Before Brian Hartline became the best wide receiver coach in the nation and was promoted to offensive coordinator, he was a pretty good pass catcher in his own right for the Buckeyes.
Just have a look at this highlight from the former No. 9.
Here's a 3rd-and-14 @OhioStateFB highlight for your 3.14. #TouchdownTuesday x @brianhartline pic.twitter.com/BHUplnk6WP— Ohio State on BTN (@OhioStateOnBTN) March 14, 2023
Let's have a good Wednesday, shall we?
A DIFFERENT DYNAMIC. When C.J. Stroud reflected on his Ohio State career at the NFL Scouting Combine two weeks ago, the future first-round pick said he wished he would have run the ball more for the scarlet and gray.
"I didn't do it a lot in college," Stroud said. "I feel like I should have, and that's something I regret. I feel like I could have done it a lot more."
Kyle McCord and Devin Brown heard those words loud and clear as they battle to be Stroud's successor in 2023, understanding Ohio State's offense is a different beast with a dual-threat quarterback. Indeed, the kind of beast that scored 41 points against top-ranked Georgia in the College Football Playoff, and that was without Jaxon Smith-Njigba and TreVeyon Henderson for the entire game and Marvin Harrison Jr. for most of the second half.
Yeah, that's good stuff.
Ryan Day also understands Ohio State's offense can evolve after Stroud's performance in the CFP. In a press conference last week, Day said he doesn't need his quarterback to be "superhuman," but he would like to see McCord or Brown become playmakers with their feet as much as their arms – at least enough to make defenses respect their ability to run.
“I think any time a defense has to account for the quarterback, then you’ve got what you want to be done in the run game,” Day said. “What’s really the X-factor on offense is when the quarterback is moving. ... You have to get a feel for what that is: How long do you stay in the pocket? When do you escape? When do you launch yourself for the first down? When do you protect yourself? It’s a long season. Each quarterback is a little bit different.”
McCord's 6-foot-3, 222-pound frame resembles Stroud's (6-foot-3, 213 pounds), which makes Stroud's film from his more run-heavy performances like Northwestern and Georgia incredibly valuable.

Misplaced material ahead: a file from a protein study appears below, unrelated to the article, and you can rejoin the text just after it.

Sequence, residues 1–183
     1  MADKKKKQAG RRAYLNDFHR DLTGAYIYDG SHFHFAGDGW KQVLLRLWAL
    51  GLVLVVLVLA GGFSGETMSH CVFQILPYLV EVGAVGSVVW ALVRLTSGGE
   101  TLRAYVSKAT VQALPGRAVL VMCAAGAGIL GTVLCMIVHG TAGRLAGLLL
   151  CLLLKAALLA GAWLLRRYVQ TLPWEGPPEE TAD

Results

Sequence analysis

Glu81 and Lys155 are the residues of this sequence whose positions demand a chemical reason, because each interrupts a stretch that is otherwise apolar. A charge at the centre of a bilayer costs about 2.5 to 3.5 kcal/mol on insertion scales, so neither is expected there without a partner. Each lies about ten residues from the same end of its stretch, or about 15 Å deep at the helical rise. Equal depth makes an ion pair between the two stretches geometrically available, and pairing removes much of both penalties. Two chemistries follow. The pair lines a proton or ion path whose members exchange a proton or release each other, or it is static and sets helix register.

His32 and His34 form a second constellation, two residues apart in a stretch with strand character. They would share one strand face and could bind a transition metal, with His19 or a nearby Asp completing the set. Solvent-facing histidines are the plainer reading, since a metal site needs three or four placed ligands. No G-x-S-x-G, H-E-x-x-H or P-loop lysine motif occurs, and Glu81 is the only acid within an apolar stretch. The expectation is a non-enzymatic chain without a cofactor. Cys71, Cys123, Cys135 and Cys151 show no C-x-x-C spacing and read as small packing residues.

“I think I’ve watched that game probably five or 10 times just because there were so many good plays in that game,” McCord said on March 7. “If it’s there, take it, but at the same time, we have so many weapons that I want to keep my eyes up and get the ball to our playmakers.”
As for Brown, who stands at 6-foot-3, 215 pounds and is a player many believe to have an "athletic edge" over McCord, running the football comes more naturally and extends beyond an "if it's there, take it" approach. After running a pro-style, under-center offense for his coach Joe Germaine, a former Ohio State quarterback, in Queen Creek, Arizona, Brown moved to Draper, Utah, and spent his final high school season in a spread offense.
“We didn’t hand the ball off that much, but when I had runs, it was good for me just to be able to find my athleticism and make guys miss,” Brown said. “I was able to do that when guys weren’t there to make plays. And I think it just added on as the year went on.”
Brown added – and I love this – that he is somewhere "between Justin Fields and C.J. Stroud in terms of (his) play," showing a running ability that resembles Fields, admittedly with less athleticism than the former Buckeye and current Bears quarterback, and an arm that resembles Stroud as "there is not a throw (he) cannot make."
With the competition fully in gear, whether McCord or Brown will be QB1 for Ohio State remains to be seen. But this much should be expected from whoever wins: They will look to run when they can, and they may make people miss when they do it.
URBAN'S TAKE. As I said in the paragraph above, the battle between McCord and Brown has, for the most part, just started. I'm sure Day, quarterbacks coach Corey Dennis, offensive coordinator Brian Hartline and the rest of the staff have their favorite, but I believe the competition is as open today as it was after Stroud announced his decision to turn pro.
In a recent episode of Urban's Take with Tim May, former Ohio State head coach Urban Meyer said if Day is wise, he'll leave that competition open for as long as possible. Otherwise, he may risk losing one of them to the transfer portal.
“The one thing that you’d like to do is find your guy and find him early and get moving. The negative is that if you do that early the other guy will probably leave and then you’re stuck. We had many battles. I had JT (Barrett) and Cardale (Jones) battle. We had Joe Burrow, Dwayne Haskins, two future first-rounders. I had other battles that you just kind of want to hang in there as long as you can because, first of all, you want to be fair to both players and the reality is, especially now, they’re gone. The day of a third-string quarterback like Cardale Jones hanging around for four years, that’s not going to happen. They’re going to go to greener pastures somewhere and go play. I’ve not talked directly about that to Coach Day, but I’m sure that’s on the back of his mind saying, ‘I’ve got two.' He feels good about those two quarterbacks, they’ve been around, they’re talented. But what happens once you name a starter?”